Berean cogitations

Friday, October 20, 2006

My thoughts on "The #1 Christian porn site"

Yesterday, I came across This is a ministry that attempts to minister to the porn-addicted and those who are caught up in the porn industry. They also provide a wonderful tool called X3Watch, a software utility that notifies an accountability partner whenever you visit a website with questionable content. I've never used this program myself, but it sounds like a wonderful idea.

Having said that, I do have some grave reservations about this ministry. For one thing, their website prominently describes themselves as the "#1 Christian porn site." Of course, they mean this in a tongue-in-cheek fashion; however, I think this choice of term is unwise, to say the least. For one thing, I think it's deceptive to describe oneself as a "porn site" if your true intent is to help people break away from sexual snares. Second, people who come across this site -- or a mere description of it -- are likely to develop the wrong impression. For these reasons, I think that their choice of terms is unwise at best, and arguably less than honest.

Some of their other tactics indicate a lack of wisdom as well. For example, many of their products use the slogan, "Jesus loves porn stars." Is this true? Certainly... but stated in that manner, many people are likely to take this as an endorsement of pornography -- or at the very least, acceptance thereof. (Is this an overreaction? I don't think so; after all, many defenders of homosexuality proudly proclaim that "God loves gays!", which clearly implies that homosexuality is okay in God's eyes. By the same token, declaring that "Jesus loves porn stars" is likely to be taken as an endorsement of their work.)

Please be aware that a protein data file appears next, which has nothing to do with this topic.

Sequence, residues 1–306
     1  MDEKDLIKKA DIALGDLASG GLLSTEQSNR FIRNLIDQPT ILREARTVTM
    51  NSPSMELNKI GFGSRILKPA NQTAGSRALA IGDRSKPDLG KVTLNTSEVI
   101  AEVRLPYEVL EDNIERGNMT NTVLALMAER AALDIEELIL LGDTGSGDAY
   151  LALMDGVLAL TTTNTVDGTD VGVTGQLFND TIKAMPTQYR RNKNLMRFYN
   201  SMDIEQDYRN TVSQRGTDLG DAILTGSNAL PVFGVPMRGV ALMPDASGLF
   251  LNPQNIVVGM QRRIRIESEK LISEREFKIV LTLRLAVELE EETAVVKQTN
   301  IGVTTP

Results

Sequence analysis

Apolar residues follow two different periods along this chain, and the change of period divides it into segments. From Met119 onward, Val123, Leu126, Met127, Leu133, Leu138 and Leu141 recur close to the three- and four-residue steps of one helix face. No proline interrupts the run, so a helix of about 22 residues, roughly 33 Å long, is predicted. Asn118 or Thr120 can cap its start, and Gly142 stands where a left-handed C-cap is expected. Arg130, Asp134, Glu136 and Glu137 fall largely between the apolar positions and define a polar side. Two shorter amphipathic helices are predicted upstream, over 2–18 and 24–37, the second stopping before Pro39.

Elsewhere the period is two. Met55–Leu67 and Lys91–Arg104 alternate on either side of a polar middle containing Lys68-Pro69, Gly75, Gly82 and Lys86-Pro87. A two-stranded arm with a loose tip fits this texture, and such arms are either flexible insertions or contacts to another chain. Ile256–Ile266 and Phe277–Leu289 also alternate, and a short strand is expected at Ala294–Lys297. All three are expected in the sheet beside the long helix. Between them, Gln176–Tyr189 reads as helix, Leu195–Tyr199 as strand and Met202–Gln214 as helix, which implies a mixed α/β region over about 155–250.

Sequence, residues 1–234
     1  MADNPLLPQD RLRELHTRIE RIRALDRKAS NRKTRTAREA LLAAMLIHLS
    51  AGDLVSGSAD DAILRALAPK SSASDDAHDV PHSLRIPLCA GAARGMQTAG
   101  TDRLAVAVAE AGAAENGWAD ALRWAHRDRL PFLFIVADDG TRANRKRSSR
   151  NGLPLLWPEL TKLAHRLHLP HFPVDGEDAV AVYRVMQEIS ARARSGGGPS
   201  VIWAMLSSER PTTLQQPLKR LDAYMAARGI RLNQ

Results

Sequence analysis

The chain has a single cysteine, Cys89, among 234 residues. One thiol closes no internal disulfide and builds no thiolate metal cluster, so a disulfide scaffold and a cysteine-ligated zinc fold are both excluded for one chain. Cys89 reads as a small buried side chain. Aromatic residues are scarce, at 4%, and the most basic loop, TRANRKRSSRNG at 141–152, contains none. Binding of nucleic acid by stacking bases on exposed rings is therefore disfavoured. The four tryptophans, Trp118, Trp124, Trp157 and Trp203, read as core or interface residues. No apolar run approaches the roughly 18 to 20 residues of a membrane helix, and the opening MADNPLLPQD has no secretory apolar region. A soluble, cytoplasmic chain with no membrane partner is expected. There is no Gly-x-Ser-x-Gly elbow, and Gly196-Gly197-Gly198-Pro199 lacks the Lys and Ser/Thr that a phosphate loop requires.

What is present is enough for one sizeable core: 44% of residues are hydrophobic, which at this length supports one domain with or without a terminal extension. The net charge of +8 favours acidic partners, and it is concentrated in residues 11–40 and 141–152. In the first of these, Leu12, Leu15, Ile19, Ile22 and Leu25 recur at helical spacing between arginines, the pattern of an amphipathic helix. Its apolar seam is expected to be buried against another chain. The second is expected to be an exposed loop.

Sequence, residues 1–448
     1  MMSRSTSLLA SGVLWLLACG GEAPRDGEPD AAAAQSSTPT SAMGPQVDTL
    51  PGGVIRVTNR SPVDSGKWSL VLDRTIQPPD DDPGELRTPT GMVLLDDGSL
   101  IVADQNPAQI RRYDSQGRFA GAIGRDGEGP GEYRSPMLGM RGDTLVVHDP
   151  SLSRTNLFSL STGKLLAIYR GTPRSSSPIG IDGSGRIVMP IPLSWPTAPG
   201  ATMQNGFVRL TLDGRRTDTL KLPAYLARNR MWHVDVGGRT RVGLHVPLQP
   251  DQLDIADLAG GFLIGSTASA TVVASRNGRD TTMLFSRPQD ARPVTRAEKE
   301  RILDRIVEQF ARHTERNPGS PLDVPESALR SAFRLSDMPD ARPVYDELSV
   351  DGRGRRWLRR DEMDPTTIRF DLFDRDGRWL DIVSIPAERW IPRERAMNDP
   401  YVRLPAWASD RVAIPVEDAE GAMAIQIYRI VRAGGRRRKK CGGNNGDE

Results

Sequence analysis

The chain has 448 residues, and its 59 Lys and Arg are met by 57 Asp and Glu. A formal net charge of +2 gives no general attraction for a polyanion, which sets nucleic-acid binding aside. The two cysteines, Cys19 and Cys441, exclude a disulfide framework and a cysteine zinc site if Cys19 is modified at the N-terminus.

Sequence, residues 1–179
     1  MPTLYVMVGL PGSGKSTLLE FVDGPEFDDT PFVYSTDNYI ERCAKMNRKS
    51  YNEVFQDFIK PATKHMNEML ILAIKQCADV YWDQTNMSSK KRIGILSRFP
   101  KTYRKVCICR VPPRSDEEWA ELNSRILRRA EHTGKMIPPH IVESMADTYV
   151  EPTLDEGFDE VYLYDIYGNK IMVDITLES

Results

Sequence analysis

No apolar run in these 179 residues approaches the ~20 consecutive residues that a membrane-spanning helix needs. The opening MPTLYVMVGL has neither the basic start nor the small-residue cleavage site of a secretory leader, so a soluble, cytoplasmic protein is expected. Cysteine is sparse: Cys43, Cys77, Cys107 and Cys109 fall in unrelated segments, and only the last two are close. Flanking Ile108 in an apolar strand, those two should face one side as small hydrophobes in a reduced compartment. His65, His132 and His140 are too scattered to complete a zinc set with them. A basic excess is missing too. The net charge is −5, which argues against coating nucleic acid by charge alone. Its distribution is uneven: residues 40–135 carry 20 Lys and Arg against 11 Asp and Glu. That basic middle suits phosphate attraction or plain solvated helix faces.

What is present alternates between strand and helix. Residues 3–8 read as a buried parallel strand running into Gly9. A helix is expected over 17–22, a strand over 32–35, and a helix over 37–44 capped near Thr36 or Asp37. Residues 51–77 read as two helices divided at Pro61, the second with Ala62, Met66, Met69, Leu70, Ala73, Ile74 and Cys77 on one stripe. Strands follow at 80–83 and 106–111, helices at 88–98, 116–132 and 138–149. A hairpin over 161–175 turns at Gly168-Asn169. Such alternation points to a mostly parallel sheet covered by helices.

I've also read that their primary evangelistic tools are copies of a Bible paraphrase (The Message) with "Jesus loves porn stars" emblazoned on the cover. I've already expressed my concern about the slogan, but I have reservations about their choice of reading material as well. The problems with The Message are well-documented, and by no means minor; it's a very loose paraphrase that takes tremendous liberties with the Biblical text. In addition, I think we're on dangerous ground when we preferentially promote Bible paraphrases over more accurate translations. If you want to use a readable version, then the NIV would be a much better choice. (I'm not have a huge fan of the NIV, since I prefer the accuracy of the NKJV and the NASB. Nevertheless, I think it's a better choice than the horrible Message paraphrase.)

In summary, I think that has laudable goals and they provide some helpful tools. Nevertheless, but I have grievous concerns about some of their tactics. I think the Slice of Laodecia blog has some helpful comments on this issue as well, and I recommend reading what they wrote.